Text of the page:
The behavioural economics of bugs in robots

All contending teams, without exception, experience a moment at which all members are standing around the table, looking at the robot; this is not what’s supposed to happen. Shouldn’t be a surprise, we told them in advance there would be bugs. Unfamiliar with the codebase and the hardware, it is now their job to find the bugs and fix them. They do know what the robot should do: ‘it should follow the black line, once you press the start button’.

We have been doing these robot challenge workshops for a while now. They’re great fun, for creating a shared understanding between business and IT, or experiencing an acceptance test-driven approach to software development. The mBot robots bring a highly visible aspect to the software’s behaviour.

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This one crazy DevOps language you should learn (during Advent Of Code)

Random bits I learned about an underappreciated language by having fun during Advent Of Code.

This Friday the 2017 edition of Advent Of Code started, a daily treat of small programming puzzles for the holidays. Kudos to Eric Wastl for creating such a fun competition!

Last year I wanted to add a DevOps theme to my participation, so I choose to write solutions in the most important DevOps language. No, not Go. No, also not Python. Definitely not Java. Number one of course is… Bash: present in all Linux systems, almost all Docker containers, heck, even in Windows now. Gluing together systems for almost 30 years. [More...]

Refactoring to Microservices – Introducing Docker Swarm

In my [previous blog] I used local images wired together with a docker-compose.yml file. This was an improvement over stand alone containers. Networking is now more robust because code in images uses names instead of IP addresses to access services. This time my goal is to introduce Swarm so I can distribute components over multiple hosts and run more instances if necessary. Next, I'll describe step one: migrate the docker-compose-single-host setup to a Docker Swarm multi-host version. [More].

Deploying Kong API gateway configurations with AWS CloudFormation

With AWS CloudFormation it is easy to deploy your applications with AWS Elastic Container Service. However, if you want to provide access to your applications through the Kong API Gateway, you are left with one additional step in the deployment process: configuring the Kong gateway. With the Custom CloudFormation Resources for the Kong API Gateway we can deploy both the application and the Kong API Gateway configuration in one go!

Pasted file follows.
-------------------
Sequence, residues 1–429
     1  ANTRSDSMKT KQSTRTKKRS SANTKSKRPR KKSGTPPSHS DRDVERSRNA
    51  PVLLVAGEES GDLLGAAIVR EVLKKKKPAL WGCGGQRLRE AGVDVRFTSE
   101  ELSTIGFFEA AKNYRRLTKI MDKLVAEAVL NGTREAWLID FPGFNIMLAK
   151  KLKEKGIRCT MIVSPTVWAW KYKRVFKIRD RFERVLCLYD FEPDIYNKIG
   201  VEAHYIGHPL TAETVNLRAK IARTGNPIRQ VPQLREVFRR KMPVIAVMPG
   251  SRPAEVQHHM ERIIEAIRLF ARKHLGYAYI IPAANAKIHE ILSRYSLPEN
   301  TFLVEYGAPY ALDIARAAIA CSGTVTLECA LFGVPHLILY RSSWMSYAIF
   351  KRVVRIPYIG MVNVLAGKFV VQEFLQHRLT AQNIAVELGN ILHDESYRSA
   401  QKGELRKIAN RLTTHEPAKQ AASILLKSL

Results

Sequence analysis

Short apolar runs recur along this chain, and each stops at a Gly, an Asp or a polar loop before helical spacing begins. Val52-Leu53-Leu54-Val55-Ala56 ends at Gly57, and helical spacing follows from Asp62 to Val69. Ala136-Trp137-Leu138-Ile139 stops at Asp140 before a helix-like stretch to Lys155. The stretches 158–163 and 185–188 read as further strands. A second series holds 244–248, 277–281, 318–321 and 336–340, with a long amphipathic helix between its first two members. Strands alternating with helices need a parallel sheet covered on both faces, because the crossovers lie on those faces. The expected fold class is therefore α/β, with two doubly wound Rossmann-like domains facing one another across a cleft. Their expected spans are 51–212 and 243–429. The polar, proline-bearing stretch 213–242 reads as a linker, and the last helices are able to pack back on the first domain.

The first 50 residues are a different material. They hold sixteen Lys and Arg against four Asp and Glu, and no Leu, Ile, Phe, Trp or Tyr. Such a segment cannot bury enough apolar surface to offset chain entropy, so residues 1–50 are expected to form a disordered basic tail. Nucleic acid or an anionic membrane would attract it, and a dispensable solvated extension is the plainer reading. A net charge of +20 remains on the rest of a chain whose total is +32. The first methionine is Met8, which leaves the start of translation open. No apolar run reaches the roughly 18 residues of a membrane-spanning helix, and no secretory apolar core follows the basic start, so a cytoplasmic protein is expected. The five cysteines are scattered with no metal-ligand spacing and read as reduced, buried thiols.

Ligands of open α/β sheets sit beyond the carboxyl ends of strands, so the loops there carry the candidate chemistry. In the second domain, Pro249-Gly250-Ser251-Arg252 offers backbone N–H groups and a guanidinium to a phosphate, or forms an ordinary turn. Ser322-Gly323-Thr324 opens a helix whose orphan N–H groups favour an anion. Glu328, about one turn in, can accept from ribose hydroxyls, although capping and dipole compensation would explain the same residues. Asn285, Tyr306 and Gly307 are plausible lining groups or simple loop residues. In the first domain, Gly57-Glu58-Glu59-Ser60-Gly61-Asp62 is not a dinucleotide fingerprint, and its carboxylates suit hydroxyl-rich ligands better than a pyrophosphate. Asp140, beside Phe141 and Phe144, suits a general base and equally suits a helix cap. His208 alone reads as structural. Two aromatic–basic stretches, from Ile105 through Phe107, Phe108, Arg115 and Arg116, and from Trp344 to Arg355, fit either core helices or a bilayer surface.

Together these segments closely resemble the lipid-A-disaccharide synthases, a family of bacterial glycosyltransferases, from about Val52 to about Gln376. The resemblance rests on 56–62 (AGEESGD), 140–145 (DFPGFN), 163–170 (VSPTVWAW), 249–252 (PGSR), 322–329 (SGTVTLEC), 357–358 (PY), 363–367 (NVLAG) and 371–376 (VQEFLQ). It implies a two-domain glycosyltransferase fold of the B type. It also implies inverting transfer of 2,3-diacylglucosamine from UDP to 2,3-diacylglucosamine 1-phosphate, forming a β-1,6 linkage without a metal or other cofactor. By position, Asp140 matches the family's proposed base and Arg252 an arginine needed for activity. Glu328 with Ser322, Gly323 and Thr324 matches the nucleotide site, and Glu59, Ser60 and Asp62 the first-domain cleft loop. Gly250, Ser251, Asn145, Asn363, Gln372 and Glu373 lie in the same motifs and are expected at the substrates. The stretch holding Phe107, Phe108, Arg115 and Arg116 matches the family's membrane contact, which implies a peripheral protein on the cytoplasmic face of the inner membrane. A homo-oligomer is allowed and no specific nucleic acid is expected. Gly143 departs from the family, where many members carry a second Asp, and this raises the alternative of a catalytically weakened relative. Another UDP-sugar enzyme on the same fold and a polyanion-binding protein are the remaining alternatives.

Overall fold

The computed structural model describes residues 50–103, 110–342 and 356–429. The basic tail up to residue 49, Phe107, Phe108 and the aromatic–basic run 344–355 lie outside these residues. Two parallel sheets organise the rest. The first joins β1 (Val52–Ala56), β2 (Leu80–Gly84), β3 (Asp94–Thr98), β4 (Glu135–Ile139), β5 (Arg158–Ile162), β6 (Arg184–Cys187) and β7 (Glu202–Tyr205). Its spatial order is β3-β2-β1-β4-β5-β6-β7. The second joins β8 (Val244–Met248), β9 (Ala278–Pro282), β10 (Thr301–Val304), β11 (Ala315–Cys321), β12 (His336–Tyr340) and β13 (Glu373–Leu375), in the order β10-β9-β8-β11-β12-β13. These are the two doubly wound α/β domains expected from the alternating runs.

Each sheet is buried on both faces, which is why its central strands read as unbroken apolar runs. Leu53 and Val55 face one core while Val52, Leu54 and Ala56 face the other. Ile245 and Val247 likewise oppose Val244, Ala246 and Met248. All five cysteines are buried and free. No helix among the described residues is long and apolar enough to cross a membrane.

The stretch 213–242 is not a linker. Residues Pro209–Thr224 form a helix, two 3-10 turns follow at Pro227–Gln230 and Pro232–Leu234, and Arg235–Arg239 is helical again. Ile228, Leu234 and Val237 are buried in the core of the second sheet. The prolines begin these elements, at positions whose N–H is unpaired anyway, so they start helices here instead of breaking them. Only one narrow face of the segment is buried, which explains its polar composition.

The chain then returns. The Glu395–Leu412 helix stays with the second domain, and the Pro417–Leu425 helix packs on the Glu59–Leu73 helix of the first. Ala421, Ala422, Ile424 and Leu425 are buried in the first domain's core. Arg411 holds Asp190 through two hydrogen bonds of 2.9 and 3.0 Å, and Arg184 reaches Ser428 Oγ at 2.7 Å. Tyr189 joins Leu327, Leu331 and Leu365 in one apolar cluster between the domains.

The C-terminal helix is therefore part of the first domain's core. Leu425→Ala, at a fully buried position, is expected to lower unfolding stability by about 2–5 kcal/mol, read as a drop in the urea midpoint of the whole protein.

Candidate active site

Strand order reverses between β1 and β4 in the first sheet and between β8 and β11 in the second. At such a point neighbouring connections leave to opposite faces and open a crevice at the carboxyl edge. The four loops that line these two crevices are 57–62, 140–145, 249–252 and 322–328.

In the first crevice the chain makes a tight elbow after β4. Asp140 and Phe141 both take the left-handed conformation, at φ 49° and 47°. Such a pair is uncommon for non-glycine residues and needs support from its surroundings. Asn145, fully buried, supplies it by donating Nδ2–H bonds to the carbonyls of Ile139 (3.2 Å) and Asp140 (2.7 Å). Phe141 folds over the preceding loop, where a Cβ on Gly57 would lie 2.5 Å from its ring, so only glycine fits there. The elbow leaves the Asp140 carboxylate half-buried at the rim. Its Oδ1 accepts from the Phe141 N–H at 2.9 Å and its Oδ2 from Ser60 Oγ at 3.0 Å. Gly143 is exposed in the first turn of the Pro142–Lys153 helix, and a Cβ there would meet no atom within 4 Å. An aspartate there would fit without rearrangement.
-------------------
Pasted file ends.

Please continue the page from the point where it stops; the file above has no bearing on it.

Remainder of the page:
What are we doing? And why?

What are we doing? Why are we implementing this sorry excuse of a user story? What will this user story achieve in the bigger picture? Is there even a bigger picture?

I have attended several refinements as a coach, where I was waiting for those questions to arise... Unfortunately, they are rarely asked. Usually, because there is no easy answer to these questions. The difficult truth is that we all like to please others, so we would rather stick our heads in the sand and hope everything will turn out fine.

And that is exactly what we get. Instead of having an awesome job, doing cool stuff and making a difference: our job will be just that, it will be fine. And it could be so much better, with some practises I will share in this blog.Read more →

An Ubiquitous Domain language throughout testing

One of the biggest challenges as engineers is to write working software and also keep an extensive documentation. Most engineers hate writing documentation, and after they published documentation on a wiki it will die a lonely death. We want to strive for writing a Living Documentation in an Ubiquitous Language. Practices like Domain Driven Design (DDD) and Behaviour Driven Development (BDD) can help you achieve this. Especially when we start writing code, it is really important for the quality of our software to start with tests describing what your application does. We want to write software with empathy in mind, software that is understandable for peers. While software developers are beginning to use the language of the domain (business language) more in their application code, most tests still contain a lot of technical language.

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Deploying private key pairs with AWS CloudFormation

In AWS CloudFormation there is no way to generate a private key pair. As a result, you always have manual work. You need to generate a ssh key, import it into AWS and finally pass the name to your CloudFormation template. This is clumsy, manual work which prevents us to fully automate the deployment of our infrastructure.

In this blog we will show you how the provisioning of ssh keys and ec2 key pairs can be automated using Custom CloudFormation Resources.

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Accurate Forecasting Without Estimation

Often the team or somebody in the role of product owner gets either the question ‘When will it be finished?’ or ‘What will be finished at <some future date>?’ and some forecasting is necessary to answer the question.

This blog shows an alternative way of forecasting that is based on empirical data and skips estimation altogether. In a follow-up blog I will address the ordening of the backlog of items.

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